GDP (purchasing power parity)
$162.5 billion (2017 est.)
$153.3 billion (2016 est.)
$143.3 billion (2015 est.)

note: data are in 2017 dollars

$89.19 billion (2017 est.)
$85.07 billion (2016 est.)
$83.14 billion (2015 est.)

note: data are in 2017 dollars

GDP - real growth rate
6.98% (2019 est.)
6.95% (2018 est.)
6.78% (2017 est.)
4.8% (2017 est.)
2.3% (2016 est.)
5.7% (2015 est.)
GDP - per capita (PPP)
$3,200 (2017 est.)
$3,100 (2016 est.)
$3,000 (2015 est.)

note: data are in 2017 dollars

$2,400 (2017 est.)
$2,300 (2016 est.)
$2,300 (2015 est.)

note: data are in 2017 dollars

GDP - composition by sector
agriculture: 23.4% (2017 est.)
industry: 28.6% (2017 est.)
services: 47.6% (2017 est.)
agriculture: 28.2% (2017 est.)
industry: 21.1% (2017 est.)
services: 50.7% (2017 est.)
Population below poverty line
22.8% (2015 est.)
21.4% (2017 est.)
Household income or consumption by percentage share
lowest 10%: 2.8%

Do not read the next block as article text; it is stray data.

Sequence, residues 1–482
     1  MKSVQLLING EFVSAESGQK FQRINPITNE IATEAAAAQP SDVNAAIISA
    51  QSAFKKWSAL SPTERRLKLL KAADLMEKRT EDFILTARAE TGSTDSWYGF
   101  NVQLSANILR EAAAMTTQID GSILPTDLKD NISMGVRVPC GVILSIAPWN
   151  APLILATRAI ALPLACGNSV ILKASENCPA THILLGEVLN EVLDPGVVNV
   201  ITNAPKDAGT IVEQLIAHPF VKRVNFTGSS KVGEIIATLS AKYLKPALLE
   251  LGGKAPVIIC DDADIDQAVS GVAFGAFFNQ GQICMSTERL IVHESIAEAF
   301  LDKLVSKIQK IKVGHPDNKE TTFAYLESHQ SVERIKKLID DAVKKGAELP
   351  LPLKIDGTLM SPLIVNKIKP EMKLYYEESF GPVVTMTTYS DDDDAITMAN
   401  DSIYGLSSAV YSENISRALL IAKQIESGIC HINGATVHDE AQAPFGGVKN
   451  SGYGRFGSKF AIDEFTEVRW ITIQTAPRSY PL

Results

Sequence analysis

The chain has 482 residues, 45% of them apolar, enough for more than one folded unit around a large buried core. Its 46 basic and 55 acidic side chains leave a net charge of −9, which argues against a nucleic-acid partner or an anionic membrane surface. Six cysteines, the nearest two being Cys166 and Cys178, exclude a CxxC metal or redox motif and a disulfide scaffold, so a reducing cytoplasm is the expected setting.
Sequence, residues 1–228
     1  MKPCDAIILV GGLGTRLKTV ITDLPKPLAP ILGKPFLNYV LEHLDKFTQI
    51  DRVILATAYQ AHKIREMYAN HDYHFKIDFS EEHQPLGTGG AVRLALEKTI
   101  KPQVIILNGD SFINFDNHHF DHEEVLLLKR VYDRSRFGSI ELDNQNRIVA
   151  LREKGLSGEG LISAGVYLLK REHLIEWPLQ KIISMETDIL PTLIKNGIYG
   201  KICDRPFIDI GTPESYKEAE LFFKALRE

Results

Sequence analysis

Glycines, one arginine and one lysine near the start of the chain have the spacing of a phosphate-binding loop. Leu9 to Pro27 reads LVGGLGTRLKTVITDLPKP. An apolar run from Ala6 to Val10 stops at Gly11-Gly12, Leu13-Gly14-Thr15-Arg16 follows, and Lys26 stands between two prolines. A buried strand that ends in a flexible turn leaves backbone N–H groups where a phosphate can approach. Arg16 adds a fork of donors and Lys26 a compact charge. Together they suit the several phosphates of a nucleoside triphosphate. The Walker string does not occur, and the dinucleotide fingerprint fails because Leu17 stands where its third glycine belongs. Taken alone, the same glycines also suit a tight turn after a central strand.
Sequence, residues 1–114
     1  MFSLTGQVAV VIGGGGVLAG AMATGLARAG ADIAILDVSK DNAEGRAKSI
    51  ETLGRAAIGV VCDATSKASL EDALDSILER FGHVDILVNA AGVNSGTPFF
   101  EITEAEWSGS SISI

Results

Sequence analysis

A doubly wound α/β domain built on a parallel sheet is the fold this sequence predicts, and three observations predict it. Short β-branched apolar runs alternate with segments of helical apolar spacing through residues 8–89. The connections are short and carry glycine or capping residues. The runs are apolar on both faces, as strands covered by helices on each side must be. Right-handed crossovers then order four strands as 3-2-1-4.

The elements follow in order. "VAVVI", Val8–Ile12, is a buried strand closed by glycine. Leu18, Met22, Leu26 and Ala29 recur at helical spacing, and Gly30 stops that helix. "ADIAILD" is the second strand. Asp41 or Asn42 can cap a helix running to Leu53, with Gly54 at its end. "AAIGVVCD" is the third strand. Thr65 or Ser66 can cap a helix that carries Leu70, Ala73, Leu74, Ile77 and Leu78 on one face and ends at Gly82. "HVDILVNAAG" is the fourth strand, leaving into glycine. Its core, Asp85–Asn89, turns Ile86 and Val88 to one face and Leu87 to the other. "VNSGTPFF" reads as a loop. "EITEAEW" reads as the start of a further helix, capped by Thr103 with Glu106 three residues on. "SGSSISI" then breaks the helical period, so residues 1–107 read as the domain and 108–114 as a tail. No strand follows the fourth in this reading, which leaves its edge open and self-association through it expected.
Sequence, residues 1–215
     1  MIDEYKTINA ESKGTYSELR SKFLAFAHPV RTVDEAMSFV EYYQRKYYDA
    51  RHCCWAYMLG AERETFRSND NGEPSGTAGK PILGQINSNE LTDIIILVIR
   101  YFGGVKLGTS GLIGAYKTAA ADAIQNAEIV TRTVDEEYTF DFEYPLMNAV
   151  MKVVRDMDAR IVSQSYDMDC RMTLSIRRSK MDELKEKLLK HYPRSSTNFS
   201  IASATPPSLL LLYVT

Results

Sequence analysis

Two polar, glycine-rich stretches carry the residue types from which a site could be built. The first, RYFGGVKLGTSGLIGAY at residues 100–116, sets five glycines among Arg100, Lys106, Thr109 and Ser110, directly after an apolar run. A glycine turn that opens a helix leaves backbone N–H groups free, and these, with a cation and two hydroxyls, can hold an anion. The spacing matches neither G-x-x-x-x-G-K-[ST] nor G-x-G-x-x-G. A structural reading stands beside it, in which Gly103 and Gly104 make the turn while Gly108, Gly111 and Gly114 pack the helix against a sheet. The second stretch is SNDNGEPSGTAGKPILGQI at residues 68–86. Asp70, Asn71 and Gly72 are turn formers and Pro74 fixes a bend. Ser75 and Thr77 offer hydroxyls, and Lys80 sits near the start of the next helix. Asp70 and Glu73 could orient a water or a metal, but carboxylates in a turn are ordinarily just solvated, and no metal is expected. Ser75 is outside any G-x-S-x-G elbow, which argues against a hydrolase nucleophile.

highest 10%: 29.6% (2007)
lowest 10%: 2.4%
highest 10%: 36.1% (2009 est.)
Inflation rate (consumer prices)
5.3% (2017 est.)
5.2% (2016 est.)
5.6% (2017 est.)
5.5% (2016 est.)
Labor force
24.89 million (2017 est.)
15.84 million (2015 est.)
Labor force - by occupation
agriculture: 66.9%
industry: 6.4%
services: 26.6% (2014 est.)
agriculture: 71%
industry: 7%
services: 22% (2013 est.)
Unemployment rate
10.3% (2014 est.)
9.4% (2014 est.)
Distribution of family income - Gini index
37.6 (2007)
34.6 (2000)
39.5 (2013)
45.7 (2002)
Budget
revenues: 7.873 billion (2017 est.)
expenditures: 8.818 billion (2017 est.)
revenues: 3.848 billion (2017 est.)
expenditures: 4.928 billion (2017 est.)
Industries
agricultural processing (sugar, beer, cigarettes, sisal twine); mining (diamonds, gold, and iron), salt, soda ash; cement, oil refining, shoes, apparel, wood products, fertilizer
sugar processing, brewing, tobacco, cotton textiles; cement, steel production
Industrial production growth rate
12% (2017 est.)
4.4% (2017 est.)
Agriculture - products
coffee, sisal, tea, cotton, pyrethrum (insecticide made from chrysanthemums), cashew nuts, tobacco, cloves, corn, wheat, cassava (manioc, tapioca), bananas, fruits, vegetables; cattle, sheep, goats
coffee, tea, cotton, tobacco, cassava (manioc, tapioca), potatoes, corn, millet, pulses, cut flowers; beef, goat meat, milk, poultry, and fish